THE ABANDONED PRISON IN GERMANY
The ‘Kettenburg’ is a medieval moated castle in Gräfentonna. It was rebuilt several times and served as a correctional facility over a period of 130 years, until its closure in 1989. Today the site is abandoned and now and then used as a movie set.
Already in the year 874 this site was known as the residence of the Counts of Tonna. In 1089, it was inhabited by Erwin I. Around 1200 the building was rebuilt as a typical late Roman moated castle, it was home of the Counts of Gleichen and Tonna. The oldest parts are the 35-meter-high tower in the north wing and the high front building in the northeast.
In 1375 the castle was restored after a fire. The south and east wings were expanded in various stages in the 16th century. From the mid-17th century until 1861, the castle served as the princely house of the Duke of Gotha.
Eventually, from 1861 to 1991 the building served as a prison. For this purpose, the castle was enlarged with a third floor, so it could accommodate 282 inmates. Until 1933 it was a female only prison, but later that year they also opened a men’s department.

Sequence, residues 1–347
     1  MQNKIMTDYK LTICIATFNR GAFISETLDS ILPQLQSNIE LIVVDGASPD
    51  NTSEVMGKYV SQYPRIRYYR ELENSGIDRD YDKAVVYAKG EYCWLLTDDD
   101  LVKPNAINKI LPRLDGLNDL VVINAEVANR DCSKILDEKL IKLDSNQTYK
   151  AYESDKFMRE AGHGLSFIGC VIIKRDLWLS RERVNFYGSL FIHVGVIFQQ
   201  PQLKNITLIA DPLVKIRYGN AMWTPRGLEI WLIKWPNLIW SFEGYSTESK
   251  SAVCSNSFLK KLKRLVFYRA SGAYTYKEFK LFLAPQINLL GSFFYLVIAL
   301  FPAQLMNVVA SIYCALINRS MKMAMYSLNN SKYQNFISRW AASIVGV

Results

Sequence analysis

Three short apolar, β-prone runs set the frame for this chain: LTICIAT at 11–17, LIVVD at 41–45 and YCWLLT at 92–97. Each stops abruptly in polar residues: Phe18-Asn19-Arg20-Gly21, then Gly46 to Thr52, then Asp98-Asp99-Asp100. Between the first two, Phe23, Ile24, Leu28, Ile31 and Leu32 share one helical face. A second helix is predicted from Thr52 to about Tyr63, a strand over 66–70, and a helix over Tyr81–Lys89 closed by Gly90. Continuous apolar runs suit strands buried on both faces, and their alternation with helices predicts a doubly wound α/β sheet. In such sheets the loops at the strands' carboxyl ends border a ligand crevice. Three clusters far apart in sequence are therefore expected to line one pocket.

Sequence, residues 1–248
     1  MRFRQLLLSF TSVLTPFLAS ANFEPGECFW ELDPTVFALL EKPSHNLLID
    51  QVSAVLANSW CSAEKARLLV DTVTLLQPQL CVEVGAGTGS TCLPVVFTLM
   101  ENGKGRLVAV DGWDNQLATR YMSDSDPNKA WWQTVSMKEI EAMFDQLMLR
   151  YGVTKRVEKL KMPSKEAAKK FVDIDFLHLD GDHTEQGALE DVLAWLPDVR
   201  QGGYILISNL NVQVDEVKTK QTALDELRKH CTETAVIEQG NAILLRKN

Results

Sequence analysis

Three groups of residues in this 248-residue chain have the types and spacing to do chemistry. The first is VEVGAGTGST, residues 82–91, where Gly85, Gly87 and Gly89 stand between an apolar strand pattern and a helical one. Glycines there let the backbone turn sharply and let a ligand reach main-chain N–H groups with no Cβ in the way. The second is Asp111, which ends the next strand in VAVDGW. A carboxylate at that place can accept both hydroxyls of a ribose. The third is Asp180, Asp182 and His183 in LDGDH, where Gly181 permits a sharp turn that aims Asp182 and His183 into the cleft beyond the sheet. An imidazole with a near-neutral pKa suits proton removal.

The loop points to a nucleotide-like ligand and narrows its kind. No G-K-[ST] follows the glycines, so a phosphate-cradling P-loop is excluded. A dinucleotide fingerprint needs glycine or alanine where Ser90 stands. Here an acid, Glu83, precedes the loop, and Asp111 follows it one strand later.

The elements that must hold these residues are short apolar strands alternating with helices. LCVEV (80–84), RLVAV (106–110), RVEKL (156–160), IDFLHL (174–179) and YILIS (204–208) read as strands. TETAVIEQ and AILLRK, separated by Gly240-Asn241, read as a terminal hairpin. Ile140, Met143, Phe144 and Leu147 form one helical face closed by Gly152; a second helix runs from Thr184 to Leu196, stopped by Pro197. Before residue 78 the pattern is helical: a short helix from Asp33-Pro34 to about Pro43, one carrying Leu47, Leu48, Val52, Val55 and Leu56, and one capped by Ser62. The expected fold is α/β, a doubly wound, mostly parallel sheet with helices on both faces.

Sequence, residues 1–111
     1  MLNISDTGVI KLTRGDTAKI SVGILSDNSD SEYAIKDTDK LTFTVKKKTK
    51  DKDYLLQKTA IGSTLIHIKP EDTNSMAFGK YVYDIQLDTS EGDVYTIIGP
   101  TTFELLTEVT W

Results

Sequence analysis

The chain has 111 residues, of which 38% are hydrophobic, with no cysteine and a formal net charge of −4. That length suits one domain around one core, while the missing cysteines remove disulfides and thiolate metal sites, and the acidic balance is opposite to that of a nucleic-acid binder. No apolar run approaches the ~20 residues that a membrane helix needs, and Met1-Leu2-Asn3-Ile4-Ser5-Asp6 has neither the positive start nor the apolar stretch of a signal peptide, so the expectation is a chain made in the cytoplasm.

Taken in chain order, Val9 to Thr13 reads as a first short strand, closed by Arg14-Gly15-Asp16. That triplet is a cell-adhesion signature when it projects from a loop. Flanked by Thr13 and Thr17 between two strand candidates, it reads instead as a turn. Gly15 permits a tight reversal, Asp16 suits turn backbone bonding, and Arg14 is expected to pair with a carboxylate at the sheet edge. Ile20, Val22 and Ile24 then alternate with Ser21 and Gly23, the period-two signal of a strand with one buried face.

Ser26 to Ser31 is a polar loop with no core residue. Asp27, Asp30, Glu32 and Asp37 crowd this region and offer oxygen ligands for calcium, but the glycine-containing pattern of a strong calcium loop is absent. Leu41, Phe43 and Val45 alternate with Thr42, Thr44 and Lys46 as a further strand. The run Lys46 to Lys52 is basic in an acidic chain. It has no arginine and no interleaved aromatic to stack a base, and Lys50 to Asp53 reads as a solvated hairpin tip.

At least 144 foreign forced laborers were detained in the old castle during the Second World War. They were Prisoners of war from France, Poland, and the Soviet Union who had to work at local farms and factories. During DDR-times, political prisoners were detained in this prison.
Since the completion of a new correctional facility in Gräfentonna, the Kettenburg castle has been empty. In 2013, the castle was the location for the film adaptation of the novel The Notebook. Some rooms are still decorated as a film set. I visited the old prison castle in 2019.